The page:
Sorry, this article isn’t about attractive people, but it is about saving attractive dinero in your data center.
In business school, I remember being presented with a learning exercise that went something like this: Let me offer you two finance options to purchase your product, assuming it is worth $100k in today’s dollars. Here are your choices:
Which option do you pick?
This transaction illustrates a classic example of the power of compound interest. If you need the money today, well, you take the money today. But, the second alternative is worth much more. WAY more, in fact. When you do the math, it is worth over $1 Million, or over 10 times the amount of option 1!
If you reverse the illustration, you essentially demonstrate the principle of depreciable assets. What you buy today will be much less valuable over time. And that is especially true for IT commodities like disk drives. Disk capacities continue to increase and prices continue to drop. The $/GB equation gets better over time. So, why purchase more capacity than you need today when you can buy the same capacity at a lower price when you need it later?
NetApp’s Thin Provisioning deployed with NetApp’s FlexVol technology allows you to allocate storage on demand as data is written to disk, instead of preallocating all of the capacity ahead of time. So, you only buy today according to your data storage requirements rather than commit to a storage purchase for some eventual future requirement. After all, why provision all of the capacity before you know you will ever use it? It is just wasted space. You can put off storage purchases for empty space until you need to store data, and when disk capacity is cheaper. Not bad.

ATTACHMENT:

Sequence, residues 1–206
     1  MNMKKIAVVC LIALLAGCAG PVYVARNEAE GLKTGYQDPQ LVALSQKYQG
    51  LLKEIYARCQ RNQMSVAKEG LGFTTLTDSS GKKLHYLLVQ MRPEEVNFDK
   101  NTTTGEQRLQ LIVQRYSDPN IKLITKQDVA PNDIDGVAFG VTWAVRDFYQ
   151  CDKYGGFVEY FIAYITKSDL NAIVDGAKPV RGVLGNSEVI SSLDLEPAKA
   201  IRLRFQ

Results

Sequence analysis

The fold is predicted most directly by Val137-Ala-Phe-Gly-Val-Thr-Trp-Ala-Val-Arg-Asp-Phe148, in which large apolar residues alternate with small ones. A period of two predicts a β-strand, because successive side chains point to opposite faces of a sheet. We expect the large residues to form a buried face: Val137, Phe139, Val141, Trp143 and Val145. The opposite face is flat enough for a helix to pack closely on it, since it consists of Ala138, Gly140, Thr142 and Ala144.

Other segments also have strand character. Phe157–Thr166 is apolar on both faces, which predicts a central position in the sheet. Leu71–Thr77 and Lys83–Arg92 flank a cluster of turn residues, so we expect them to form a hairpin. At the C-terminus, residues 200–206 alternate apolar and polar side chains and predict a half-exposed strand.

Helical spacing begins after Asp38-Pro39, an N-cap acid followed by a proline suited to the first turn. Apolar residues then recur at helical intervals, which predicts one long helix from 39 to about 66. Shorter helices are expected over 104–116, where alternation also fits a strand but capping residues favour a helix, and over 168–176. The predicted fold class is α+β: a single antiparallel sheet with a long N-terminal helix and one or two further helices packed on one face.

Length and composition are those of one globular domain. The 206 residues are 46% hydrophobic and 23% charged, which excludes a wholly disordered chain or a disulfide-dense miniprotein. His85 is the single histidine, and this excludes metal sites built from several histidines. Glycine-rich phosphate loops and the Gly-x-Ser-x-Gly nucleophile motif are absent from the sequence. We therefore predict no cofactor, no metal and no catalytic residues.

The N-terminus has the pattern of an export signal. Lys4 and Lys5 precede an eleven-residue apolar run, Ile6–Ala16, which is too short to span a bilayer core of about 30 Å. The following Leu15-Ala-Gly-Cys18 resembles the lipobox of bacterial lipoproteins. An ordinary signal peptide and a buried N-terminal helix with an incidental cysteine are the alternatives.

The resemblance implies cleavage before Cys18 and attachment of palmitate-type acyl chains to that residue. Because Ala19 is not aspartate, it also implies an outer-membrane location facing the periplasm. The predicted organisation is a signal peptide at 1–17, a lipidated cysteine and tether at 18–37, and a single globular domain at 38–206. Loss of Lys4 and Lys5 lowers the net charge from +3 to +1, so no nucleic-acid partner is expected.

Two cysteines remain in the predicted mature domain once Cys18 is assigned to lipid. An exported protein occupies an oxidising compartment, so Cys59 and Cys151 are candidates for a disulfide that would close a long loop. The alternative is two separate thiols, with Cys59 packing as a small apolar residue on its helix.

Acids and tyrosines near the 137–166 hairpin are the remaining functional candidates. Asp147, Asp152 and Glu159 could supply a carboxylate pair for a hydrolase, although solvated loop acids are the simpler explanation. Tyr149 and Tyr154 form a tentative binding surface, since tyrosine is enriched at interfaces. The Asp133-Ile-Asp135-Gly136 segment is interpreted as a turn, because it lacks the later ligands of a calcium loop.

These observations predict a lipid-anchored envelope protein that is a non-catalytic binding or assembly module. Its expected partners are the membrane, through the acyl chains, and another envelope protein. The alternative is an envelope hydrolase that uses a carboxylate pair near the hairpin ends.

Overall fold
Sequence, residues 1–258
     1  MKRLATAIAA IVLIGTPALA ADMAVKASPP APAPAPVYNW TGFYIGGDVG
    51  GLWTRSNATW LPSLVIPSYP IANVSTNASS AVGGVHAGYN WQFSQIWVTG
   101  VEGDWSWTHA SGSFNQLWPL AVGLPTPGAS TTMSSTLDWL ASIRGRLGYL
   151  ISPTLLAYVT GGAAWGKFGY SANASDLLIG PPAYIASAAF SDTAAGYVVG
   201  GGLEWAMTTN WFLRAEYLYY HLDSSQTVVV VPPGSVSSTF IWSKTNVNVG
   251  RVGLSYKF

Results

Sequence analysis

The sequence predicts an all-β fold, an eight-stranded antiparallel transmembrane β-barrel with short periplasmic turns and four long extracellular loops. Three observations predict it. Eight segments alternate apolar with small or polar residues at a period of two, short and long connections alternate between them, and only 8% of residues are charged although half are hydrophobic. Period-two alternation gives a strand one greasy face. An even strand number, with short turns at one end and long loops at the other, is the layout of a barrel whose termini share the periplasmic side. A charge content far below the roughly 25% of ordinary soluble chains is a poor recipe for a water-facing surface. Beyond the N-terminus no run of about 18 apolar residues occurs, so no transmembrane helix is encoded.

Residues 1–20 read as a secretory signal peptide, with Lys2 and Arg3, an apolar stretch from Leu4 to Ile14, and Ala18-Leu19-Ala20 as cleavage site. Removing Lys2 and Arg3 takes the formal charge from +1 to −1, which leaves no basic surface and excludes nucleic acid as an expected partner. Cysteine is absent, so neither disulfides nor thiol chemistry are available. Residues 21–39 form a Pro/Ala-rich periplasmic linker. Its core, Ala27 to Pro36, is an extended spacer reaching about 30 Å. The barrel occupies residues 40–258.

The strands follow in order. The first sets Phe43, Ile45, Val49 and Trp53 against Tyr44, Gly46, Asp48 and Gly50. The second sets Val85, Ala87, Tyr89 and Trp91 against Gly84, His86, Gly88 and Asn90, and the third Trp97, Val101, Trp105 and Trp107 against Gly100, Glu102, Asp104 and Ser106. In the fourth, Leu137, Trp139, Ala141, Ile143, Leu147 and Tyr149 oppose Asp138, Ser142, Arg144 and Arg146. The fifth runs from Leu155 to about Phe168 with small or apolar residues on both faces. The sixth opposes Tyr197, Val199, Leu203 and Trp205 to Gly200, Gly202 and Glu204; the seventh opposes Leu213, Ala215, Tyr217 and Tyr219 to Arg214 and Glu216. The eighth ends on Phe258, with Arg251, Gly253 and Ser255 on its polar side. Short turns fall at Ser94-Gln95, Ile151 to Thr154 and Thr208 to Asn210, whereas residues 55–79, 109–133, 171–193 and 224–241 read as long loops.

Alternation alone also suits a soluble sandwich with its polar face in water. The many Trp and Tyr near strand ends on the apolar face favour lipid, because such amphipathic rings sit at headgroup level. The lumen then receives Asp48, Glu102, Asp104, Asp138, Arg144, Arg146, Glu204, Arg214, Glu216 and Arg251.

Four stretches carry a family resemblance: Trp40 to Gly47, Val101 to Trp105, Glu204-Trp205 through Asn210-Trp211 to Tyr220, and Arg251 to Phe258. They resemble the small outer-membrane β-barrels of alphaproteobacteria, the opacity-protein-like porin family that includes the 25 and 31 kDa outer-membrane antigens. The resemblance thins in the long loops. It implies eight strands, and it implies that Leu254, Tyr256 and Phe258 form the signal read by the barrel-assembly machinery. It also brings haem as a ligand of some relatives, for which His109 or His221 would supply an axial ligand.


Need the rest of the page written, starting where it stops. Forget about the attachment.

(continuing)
Figure 1 illustrates the advantages of thin provisioning compared with the traditional storage provisioning.
Figure 1 Traditional provisioning versus thin provisioning.
And the picture looks even nicer when you include space reclamation. Space reclamation complements thin provisioning to reduce inefficiency in your storage by identifying data blocks that aren’t needed by the applications that are still being consumed by the storage. In other words, if you have data stored on a LUN and it is consuming space, and then data is deleted, without space reclamation, the storage controller wouldn’t know that those blocks are free to add back to the available pool. A mechanism between the application and the storage is required to tell the storage that blocks freed up by the application can be reclaimed by the storage controller for use with other applications.
Figure 2 Typical host versus storage LUN space utilization: Delete File2.
NetApp delivers the value of space reclamation with our SnapDrive client software, which is an OS specific application that facilitates the creation of volumes and LUNs and helps orchestrate Snapshot operations with NetApp FAS and V-Series storage. It also helps to identify free blocks to be reclaimed by NetApp storage.
Additionally, NetApp works with OS and application vendors to enable this functionality without the requirement of an additional client application. Our latest effort is work done with Red Hat. We have released a new deployment guide entitled NetApp Thin-Provisioned LUNs on RHEL 6.2 Deployment Guide that outlines space reclamation best practices on Red Hat Linux. This new deployment guide complements other guides, such as the NetApp and VMware View Solution Guide and Maximize Storage Efficiency with NetApp Thin Provisioning and Symantec Thin Reclamation.
We have been discussing this topic for a while at NetApp. So, check out some other articles on this topic:
Go on. And get thin.